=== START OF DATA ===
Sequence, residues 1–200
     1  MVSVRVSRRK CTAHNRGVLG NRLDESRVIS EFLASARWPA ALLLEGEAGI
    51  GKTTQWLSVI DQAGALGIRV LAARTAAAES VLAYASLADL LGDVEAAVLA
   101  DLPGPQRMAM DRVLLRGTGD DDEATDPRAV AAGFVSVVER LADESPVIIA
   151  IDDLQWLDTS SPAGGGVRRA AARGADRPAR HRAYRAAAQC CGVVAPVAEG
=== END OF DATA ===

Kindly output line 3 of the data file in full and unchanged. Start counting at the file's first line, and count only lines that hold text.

    51  GKTTQWLSVI DQAGALGIRV LAARTAAAES VLAYASLADL LGDVEAAVLA